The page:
Rs 500, Rs 100 notes ban: Stating that demonetisation will allow wealth transfer from private individuals to the public sector, chief economic advisor Arvind Subramanian has allayed fears that consumption would be hit. The government could offset any reduction in private spending, he noted.
On Tuesday, prime minister Narendra Modi announced withdrawal of Rs 500 and Rs 1,000 banknotes in the country in a clampdown on black money, corruption and counterfeit currency. According to RBI data, Rs 500 and Rs 1,000 notes constitute about 86% of the total currency notes under circulation as on March 31, 2016. Many analysts have expressed apprehension that the economy might see some negative impact in the short run as a result of the consumption slack due to unavailability of cash.
However, Subramanian said demonitisation should be seen more as a transfer of unaccounted wealth from the private sector to the government and public sector. “It’s not a wealth reduction in the economy, but a wealth transfer,” he said at an economic editors’ conference here. If the private sector spends a little less, the government could always offset that impact, so that overall economic activity remains as usual, he added.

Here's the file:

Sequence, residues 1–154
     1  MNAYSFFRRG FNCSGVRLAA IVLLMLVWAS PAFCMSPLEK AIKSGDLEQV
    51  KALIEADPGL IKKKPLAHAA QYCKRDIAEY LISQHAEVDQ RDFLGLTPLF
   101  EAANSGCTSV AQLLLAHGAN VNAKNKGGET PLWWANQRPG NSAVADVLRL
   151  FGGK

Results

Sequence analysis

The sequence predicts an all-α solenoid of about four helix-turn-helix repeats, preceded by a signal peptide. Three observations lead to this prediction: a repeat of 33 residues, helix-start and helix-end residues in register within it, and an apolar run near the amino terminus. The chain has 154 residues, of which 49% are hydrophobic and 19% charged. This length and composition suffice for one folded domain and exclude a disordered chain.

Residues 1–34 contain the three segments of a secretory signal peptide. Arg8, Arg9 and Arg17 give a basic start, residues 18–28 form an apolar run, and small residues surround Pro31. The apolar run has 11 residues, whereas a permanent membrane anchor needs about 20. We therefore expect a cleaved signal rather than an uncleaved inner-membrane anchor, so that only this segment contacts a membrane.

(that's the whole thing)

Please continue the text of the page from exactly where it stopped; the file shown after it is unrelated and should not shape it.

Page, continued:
Speaking at the event, finance minister Arun Jaitley acknowledged there could be some impact on local purchases in cash-intensive sectors for a few days due to likely inadequacy in availability of currencies. “In the short run it could (impact consumption), but a large part of these currencies which are being removed are static.” So, he expressed hope that consumption would gradually become normal in the next few weeks after the currency replacement takes place.
Citing reasonably good tax collections, he said higher government spending in the first half of the current fiscal, higher global investment and recent improvement in local demand are signs that Indian economy was doing well despite constraints in the global economy.
However, he lamented that global rating agencies have failed to take note of the series of reforms initiated by the Narendra Modi government since it came to power to improve business climate in India. “For the kind of steps that we have taken, we still have not got from international agencies a full recognition for the effort that we have put in,” Jaitley said.
According to SBI Research, the actual unaccounted cash not coming back to the system could be significantly higher than Rs 2.5 lakh crore. This will impact the RBI balance sheet in a positive manner, as the unaccounted money that is not coming back will reduce currency liability of RBI and hence the asset size should also get reduced proportionally.
“This will open up a fiscal windfall for the government that can be used for need based funding,” it said.